Have you visited The Wallace Collection? Tucked in the streets behind Selfridges and overlooking the delightful, though private, Manchester Square gardens, The Wallace Collection is one of my favourite museums in London.
Located at Hertford House the collection comprises works of art acquired during the 18th and 19th centuries by the Marquesses of Hertford.
Though largely famous for several well known paintings by Rembrandt, Velazquez and Titian, the museum is also home to an outstanding collection of european arms and armour, objects from the Renaissance period and important French furniture pieces including a desk belonging to Marie Antoinette. The collection was bequeathed to the nation in 1897.
This museum is in my top 3 for London for a number of reasons. Firstly, it’s small and accessible. I suffer from what I call “culture fatigue” – I cannot spend longer than 2 hours in a museum or gallery before I start to wilt or crave a lot of sugar.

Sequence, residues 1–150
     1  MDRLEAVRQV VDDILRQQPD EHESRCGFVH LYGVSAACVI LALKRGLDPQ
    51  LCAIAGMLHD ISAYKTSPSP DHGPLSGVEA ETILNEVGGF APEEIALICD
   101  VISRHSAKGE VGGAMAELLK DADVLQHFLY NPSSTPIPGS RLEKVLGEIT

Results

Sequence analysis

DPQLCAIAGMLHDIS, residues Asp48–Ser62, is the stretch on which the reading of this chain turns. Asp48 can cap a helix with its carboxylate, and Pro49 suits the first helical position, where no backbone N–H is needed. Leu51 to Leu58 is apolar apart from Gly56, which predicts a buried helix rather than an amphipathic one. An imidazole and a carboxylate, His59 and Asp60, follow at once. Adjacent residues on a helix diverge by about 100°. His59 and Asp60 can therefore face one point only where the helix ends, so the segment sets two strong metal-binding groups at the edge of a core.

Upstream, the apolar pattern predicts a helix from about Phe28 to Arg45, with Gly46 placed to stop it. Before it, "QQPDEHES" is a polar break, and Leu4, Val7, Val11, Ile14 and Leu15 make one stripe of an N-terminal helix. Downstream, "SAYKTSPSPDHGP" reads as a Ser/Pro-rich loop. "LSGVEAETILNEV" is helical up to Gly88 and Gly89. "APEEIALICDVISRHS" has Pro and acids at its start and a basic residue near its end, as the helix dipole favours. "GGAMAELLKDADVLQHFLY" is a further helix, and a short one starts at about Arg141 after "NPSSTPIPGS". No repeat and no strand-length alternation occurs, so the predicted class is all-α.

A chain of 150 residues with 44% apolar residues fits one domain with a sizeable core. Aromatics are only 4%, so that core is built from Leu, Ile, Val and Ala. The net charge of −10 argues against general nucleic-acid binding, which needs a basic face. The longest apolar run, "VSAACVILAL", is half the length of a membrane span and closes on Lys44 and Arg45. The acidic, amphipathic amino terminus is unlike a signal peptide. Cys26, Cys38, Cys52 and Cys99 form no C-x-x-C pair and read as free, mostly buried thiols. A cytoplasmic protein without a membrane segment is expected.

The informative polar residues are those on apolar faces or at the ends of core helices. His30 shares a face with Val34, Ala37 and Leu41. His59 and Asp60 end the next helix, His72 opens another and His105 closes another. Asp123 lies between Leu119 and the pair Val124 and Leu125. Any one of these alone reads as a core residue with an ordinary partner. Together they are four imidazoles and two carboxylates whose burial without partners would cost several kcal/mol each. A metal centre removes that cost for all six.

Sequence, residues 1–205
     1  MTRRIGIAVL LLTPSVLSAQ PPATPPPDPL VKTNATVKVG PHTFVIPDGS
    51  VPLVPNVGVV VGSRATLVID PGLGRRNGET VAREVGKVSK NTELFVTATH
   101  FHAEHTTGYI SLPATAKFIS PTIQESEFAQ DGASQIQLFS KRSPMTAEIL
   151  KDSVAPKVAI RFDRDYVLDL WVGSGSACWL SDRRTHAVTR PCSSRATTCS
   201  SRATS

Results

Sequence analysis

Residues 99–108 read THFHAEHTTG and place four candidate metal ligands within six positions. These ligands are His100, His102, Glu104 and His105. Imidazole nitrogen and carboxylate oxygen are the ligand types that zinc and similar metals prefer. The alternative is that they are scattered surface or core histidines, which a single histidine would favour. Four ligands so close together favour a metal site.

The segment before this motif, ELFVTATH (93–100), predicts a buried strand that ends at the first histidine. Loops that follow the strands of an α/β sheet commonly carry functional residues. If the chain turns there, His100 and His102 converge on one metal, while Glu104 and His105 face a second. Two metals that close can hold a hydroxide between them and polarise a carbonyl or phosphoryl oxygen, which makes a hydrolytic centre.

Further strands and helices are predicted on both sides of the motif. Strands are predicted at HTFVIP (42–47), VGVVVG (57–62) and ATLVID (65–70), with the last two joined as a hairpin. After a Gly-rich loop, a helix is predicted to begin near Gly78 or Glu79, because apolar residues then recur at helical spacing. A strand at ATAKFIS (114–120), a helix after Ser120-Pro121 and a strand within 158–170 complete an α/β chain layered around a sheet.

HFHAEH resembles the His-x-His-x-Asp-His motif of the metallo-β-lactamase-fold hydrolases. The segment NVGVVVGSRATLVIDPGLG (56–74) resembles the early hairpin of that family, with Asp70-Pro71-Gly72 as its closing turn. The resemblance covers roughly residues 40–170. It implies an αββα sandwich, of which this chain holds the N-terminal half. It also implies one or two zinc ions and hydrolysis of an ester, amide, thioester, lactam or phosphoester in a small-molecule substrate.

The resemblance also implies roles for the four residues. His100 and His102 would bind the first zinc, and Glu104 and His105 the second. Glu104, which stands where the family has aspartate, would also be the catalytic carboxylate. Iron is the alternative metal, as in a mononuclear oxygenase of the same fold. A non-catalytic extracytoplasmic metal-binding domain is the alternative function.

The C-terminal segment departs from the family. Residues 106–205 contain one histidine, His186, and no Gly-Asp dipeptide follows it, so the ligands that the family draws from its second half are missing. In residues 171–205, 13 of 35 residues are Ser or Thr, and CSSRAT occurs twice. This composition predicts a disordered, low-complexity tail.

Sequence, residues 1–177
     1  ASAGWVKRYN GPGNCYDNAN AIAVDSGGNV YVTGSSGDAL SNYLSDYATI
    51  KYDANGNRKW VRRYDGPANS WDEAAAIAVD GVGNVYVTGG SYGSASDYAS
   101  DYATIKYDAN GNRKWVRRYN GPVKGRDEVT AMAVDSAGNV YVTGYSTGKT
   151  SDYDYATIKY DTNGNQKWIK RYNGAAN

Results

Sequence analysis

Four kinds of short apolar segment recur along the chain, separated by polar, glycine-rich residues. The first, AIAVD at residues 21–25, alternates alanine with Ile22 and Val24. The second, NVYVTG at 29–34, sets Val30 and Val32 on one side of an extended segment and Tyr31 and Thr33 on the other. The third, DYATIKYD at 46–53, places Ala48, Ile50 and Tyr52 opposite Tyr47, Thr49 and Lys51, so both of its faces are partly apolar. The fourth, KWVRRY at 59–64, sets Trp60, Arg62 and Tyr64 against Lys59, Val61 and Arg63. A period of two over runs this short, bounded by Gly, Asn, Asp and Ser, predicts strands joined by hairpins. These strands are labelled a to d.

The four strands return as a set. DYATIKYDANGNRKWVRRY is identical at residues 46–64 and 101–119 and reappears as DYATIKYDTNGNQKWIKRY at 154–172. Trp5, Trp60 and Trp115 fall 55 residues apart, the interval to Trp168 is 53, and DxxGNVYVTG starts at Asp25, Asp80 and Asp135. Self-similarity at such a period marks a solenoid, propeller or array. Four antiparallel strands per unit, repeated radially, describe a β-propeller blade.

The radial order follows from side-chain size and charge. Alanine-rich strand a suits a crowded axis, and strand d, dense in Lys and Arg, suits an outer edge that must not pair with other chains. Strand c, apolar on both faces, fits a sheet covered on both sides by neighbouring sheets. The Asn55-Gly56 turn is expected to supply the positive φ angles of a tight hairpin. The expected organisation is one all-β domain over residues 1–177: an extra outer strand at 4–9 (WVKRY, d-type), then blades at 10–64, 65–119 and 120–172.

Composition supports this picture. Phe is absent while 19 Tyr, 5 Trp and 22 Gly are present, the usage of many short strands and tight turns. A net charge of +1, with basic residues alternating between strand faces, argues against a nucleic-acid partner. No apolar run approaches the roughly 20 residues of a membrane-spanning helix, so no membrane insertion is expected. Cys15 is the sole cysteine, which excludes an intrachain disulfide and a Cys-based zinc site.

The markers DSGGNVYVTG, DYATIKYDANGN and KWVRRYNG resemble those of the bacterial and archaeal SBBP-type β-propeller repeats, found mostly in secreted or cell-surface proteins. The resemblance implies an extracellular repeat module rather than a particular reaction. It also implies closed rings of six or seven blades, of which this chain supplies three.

As admission to The Wallace Collection is free you can digest in manageable short visits. You can also discover different aspects of the collection – such as Renaissance objets and sculpture saving the Old Masters for another day.
Secondly, the museum does not attract the huge crowds that swarm the National Gallery and National Portrait Gallery in Trafalgar Square. The Wallace Collection museum experience is much more refined and especially so when you take a break in the cafe and restaurant in the light filled central atrium.
The carefully curated collections are supported by knowledgeable volunteer staff who share fascinating insights into the personalities behind the collection including some tabloid worthy goings on in at Hertford House in the 18th century.
Lastly, and this was quite a surprise, I noticed that a vast number of the works on display had female subjects. From Madame Pompadour to ladies of more humble origin there is a concentration of paintings featuring women that I have not noticed in any other museum or gallery I have visited.
Admission is free and the museum is open 7 days a week, 10am – 5pm. The museum only closes for a few days over Christmas. If you have a spare hour for some culture when you are out and about shopping in Oxford Street I highly recommend a visit to this museum. Or you could dedicate a little longer and explore some of the marvellous stories within.
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